The first step in putting a mould together involves only the ribs and the four pieces of the frame. Other parts; a brass brace rod and extra ribs called waterbars will follow.
You may recall that one edge of each frame piece was intentionally left rough. This bottom edge is now smoothed by a single pass over the jointer.
Compressing the pegs by twisting them into a sized hole smooths out the facets left from the twelve sided rib peg tool. This also makes the ribs easier to fit into the holes in the sides of the mould.
Ribs are lightly sanded mainly to remove the little bits of wood that are left from drilling all the sewing holes.
The inside surfaces of the frame are also lightly sanded.
One end of each rib is inserted into a hole.
The penciled numbers are used to keep the ribs in the proper order.
Four ribs to go.
After all of the ribs are fitted in one side the whole assembly is carefully turned around so the free ends can be started into holes on the second side. One at a time, ribs are gently twisted back and forth while pushing them down. All will end up about halfway into the holes at each end. In this photo only the first and last rib (not visible here) have been moved down.
This just shows how the ribs move down as they are re-positioned. Three ribs have been moved down partway into the holes of the opposite frame piece.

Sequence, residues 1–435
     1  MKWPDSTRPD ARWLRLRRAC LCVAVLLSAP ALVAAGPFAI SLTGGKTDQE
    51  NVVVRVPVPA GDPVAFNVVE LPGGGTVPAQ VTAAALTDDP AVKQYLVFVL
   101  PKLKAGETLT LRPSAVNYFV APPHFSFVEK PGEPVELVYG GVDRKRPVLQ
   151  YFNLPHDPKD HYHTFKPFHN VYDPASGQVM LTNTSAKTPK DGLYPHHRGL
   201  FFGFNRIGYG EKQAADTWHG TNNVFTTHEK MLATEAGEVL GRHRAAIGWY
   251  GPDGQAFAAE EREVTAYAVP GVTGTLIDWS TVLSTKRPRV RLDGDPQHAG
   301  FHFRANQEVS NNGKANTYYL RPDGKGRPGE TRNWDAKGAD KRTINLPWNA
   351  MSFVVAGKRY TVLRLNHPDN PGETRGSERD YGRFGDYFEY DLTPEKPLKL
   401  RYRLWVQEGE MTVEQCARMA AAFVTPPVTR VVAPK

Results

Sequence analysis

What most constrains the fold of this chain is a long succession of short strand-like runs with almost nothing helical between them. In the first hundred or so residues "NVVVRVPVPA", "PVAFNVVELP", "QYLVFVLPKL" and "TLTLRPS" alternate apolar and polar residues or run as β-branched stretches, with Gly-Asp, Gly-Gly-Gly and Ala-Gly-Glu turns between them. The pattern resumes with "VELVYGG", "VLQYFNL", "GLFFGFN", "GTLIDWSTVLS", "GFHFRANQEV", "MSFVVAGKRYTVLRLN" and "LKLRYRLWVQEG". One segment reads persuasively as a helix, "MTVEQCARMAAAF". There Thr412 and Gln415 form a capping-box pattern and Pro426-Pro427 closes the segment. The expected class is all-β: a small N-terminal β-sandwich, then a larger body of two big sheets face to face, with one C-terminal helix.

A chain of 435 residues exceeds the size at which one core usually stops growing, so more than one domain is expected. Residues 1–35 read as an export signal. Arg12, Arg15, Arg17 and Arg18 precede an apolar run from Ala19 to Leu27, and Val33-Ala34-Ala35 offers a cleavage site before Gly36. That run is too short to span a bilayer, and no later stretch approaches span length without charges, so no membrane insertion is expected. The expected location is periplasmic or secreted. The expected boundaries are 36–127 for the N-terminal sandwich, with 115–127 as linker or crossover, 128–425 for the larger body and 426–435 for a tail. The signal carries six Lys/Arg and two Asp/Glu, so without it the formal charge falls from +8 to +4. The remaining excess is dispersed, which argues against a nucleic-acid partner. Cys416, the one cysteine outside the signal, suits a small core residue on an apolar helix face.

When this step is completed the mould looks like this. The rib pegs are all about halfway into their holes.
Now the frame must be pushed in from both sides. This is done gradually as the sides are gently tapped together in small steps. Care is taken to tap evenly across the length of the frame, keeping the sides parallel. I turn the mould around each time so the sides get tapped from both sides equally.
After each stage of tapping all of the ribs are turned a bit in their holes. This is easy but important. Here the top five ribs have been ‘flipped’ down a little by my thumbs running down the sides. If the mould is assembled without doing this the ribs can become locked in; turned at odd angles. It can become difficult to straighten them and there is even a chance of breaking a rib.
When the pegs are all the way in their ends will be flush with the outside of the mould. Now they are aligned with the scribed marks on top. Both ends are rotated at the same time to make a rib stand nearly straight up; then each end can be individually nudged into position.
The narrow top surfaces should be centered on the scribed lines.
Now the ribs are completely inserted and aligned.
The holes drilled to receive the brass brace rod now line up perfectly.
The ends of the mould can be fitted in place.
The mould frame should be square, or very nearly so. This is the cumulative result of the care taken to make all of the pieces, ribs and frame, as straight as possible, with ends cut perfectly square; and of being certain to drill the rib peg holes into the frame at exactly 90 degrees.
This batch turned out very well!
Five assembled moulds, ready to be fitted with brace rods and waterbars.